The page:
Why Europe’s Efforts to Gain AI Autonomy Might Be Too Little Too Late

5 minute read

This week Microsoft announced that it would invest €3.2 billion ($3.5 billion) in Germany over the next two years. The U.S. tech giant will use the money to double the capacity of its artificial intelligence and data center infrastructure in Germany and expand its training programmes, according to Microsoft vice chair and president Brad Smith.

The move follows a similar announcement from November 2023, when Microsoft said it would invest £2.5 billion ($3.2 billion) in infrastructure in the U.K. over the next three years.

Both countries hailed the investments as significant steps that would permit them to compete on the world stage when it comes to AI. However, the investments are dwarfed by investments made by U.S.-based cloud service providers elsewhere, particularly in the U.S. As AI becomes increasingly economically and militarily important, governments are taking steps to ensure they have control over the technology that they depend on. However, some experts warn that smaller economies may be better off sharing AI power with those that are already leading, than trying to compete.

The rise of AI nationalism

In 2018, Ian Hogarth, who was a tech investor at the time, published an influential essay titled ‘AI Nationalism,’ in which he argued that as AI becomes increasingly powerful and its economic and military importance grows, governments will take steps to promote their domestic AI industries. (Hogarth has since played a key role in the U.K.’s push to lead the world in AI safety regulation).

Hogarth’s essay has proved prescient. Many countries have increased public funding for AI research and commercialization, and the urge to protect domestic companies has shaped regulation. For example, Germany and France led a last minute push—that ultimately proved unsuccessful—to soften crucial aspects of the continent’s landmark AI regulation, due to fears that it could hamper their domestic AI champions.

But while the essay mentions computational power, or “compute,” as one of the AI factors of production that governments could and should try to influence, it didn’t predict how central compute would become to AI progress and policy. Many of the most significant AI nationalism-associated actions taken by governments have aimed to secure their access to compute, or deprive rivals’ access.

For example, in 2022, the U.S. imposed export restrictions to prevent countries such as China from accessing the most advanced semiconductor chips and the equipment required to make them. It updated the restrictions in 2023, and in January 2024 the Department of Commerce proposed a rule that would require cloud compute providers to monitor who was using their services and block access to anyone found to be using them for cyberattacks.

Countries including the U.S. and China have offered subsidies to promote domestic semiconductor chip production. Many countries have expressed their intention to build government-owned compute clusters. Finally, governments have been trying to incentivize the large cloud compute providers by ensuring adequate power supplies are available and removing delays associated with planning permission, all of which are headquartered in the U.S. and China, to build more data centers in their territories.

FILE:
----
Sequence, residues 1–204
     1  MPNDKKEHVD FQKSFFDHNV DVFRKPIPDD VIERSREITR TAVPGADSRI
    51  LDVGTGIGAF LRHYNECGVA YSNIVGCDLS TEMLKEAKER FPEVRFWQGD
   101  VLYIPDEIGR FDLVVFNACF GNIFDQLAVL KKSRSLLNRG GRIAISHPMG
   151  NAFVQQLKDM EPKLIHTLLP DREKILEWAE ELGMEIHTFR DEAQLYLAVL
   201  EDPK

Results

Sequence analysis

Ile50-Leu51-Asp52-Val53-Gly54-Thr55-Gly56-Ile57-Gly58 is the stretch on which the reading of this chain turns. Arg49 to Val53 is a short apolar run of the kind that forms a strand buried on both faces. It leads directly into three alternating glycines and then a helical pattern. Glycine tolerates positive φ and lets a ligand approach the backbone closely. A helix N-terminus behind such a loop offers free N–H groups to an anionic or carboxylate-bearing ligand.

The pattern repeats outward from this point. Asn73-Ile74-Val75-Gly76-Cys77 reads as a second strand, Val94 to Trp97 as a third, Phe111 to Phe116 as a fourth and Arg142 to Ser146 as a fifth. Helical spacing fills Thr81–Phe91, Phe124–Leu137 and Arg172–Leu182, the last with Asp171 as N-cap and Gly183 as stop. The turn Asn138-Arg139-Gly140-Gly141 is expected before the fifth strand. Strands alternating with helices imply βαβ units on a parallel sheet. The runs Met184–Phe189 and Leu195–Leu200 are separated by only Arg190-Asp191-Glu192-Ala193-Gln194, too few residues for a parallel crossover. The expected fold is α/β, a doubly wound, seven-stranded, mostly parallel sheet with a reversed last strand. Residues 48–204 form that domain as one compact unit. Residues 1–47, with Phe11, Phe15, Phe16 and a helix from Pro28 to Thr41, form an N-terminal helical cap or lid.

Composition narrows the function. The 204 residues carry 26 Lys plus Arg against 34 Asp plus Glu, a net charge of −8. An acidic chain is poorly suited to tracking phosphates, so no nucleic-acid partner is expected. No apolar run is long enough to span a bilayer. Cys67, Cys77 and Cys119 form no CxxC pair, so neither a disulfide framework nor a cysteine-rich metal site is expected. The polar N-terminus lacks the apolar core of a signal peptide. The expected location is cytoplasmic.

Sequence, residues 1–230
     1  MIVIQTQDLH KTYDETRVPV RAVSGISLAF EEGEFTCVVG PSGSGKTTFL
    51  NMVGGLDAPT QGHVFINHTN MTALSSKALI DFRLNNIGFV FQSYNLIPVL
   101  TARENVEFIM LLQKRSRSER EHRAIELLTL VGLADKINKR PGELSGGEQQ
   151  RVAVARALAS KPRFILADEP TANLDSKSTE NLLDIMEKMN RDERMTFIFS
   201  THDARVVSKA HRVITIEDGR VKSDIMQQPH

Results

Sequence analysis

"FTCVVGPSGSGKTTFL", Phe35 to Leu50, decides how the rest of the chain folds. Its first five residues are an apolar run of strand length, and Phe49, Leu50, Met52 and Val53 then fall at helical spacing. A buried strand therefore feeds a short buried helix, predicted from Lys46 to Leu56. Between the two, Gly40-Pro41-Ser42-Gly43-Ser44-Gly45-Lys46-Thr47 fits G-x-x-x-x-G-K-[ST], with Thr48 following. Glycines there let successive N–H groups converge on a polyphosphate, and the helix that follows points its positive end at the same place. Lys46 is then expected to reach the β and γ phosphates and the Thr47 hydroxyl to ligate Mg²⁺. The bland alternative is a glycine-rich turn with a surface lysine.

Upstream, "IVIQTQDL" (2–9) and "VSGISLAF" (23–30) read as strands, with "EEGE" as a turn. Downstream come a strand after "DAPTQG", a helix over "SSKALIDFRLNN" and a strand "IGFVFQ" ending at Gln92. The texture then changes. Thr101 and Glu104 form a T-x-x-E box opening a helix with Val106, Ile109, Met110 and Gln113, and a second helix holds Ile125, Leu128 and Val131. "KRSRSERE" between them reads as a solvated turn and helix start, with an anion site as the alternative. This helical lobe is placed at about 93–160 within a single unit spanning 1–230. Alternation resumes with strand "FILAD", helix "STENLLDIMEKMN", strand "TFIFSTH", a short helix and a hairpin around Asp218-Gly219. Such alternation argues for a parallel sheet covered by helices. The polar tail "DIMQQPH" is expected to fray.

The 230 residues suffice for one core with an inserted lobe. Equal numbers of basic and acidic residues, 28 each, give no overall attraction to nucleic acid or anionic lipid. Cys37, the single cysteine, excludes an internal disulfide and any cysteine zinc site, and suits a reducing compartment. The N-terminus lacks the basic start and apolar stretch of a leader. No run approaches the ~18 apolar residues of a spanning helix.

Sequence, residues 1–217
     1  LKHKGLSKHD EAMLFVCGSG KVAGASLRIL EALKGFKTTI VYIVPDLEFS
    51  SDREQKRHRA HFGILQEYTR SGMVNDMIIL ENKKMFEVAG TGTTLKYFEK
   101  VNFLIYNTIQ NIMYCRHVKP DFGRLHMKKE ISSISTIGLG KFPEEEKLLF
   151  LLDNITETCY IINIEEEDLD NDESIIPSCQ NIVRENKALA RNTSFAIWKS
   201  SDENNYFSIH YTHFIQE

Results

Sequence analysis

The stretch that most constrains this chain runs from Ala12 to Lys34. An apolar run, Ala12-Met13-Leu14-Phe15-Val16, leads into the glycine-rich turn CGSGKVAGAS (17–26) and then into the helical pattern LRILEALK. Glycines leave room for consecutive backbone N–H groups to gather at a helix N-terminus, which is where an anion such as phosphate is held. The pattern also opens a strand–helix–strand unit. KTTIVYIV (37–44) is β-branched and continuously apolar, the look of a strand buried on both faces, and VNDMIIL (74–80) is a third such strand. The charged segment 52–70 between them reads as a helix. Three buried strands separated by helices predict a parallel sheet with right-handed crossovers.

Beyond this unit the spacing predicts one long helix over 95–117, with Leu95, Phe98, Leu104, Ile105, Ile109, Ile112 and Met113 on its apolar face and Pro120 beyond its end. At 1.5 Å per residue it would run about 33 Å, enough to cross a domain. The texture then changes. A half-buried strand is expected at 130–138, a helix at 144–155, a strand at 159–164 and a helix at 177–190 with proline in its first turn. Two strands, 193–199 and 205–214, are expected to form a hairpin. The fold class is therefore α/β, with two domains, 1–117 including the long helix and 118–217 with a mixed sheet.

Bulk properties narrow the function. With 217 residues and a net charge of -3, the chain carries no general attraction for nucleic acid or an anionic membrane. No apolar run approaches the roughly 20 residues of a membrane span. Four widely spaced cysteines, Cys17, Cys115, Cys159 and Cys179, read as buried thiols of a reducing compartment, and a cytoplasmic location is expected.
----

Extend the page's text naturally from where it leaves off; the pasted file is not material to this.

Size matters

In a statement accompanying Microsoft's announcement that it would be investing in the U.K., Prime Minister Rishi Sunak said that the announcement was a "turning point for the future of AI infrastructure and development in the U.K."

But of the roughly $120 billion that research firm SemiAnalysis predicts Microsoft will spend on data centers and other AI infrastructure over the next two years, the investments in Germany and the U.K. represent less than 3%. The majority of Microsoft’s funding will go on investments in the U.S., according to Dylan Patel, chief analyst at SemiAnalysis. U.S.-based companies prefer to build data centers domestically, primarily because of the country’s ample supply of renewable energy backed up by natural gas, and looser permitting restrictions, says Patel.

Efforts to ensure access to sovereign compute by building state-controlled compute clusters are even more futile. While the U.K. plans to invest £900 million in a government compute cluster, this figure pales in comparison to the tens of billions of dollars U.S. cloud providers are spending each year on AI infrastructure.

“A lot of places probably can't afford to build the scale of compute necessary to do the sorts of projects that they want to do,” says Robert Trager, director of the Oxford Martin AI Governance Initiative. “It may just be the more sensible thing for those countries to train models on cloud systems that are physically based elsewhere.”

States often rely on others for strategically important technologies. For example, U.K. spy agencies decided to store their top-secret information with Amazon Web Services, despite the company being U.S.-based, reportedly because they could not find a U.K. provider with the “scale or capabilities needed.” More broadly, many countries decide not to build their own nuclear weapons, and instead rely upon security guarantees from nuclear armed states.

Given it may be practically infeasible for some countries to keep up, power sharing may be required to ensure some countries don’t fall behind, says Trager. “We need multinational governance frameworks that give many stakeholders a voice,” he says. “Without that we're going to see competition over these resources that do influence power in the world.”

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Write to Will Henshall at will.henshall@time.com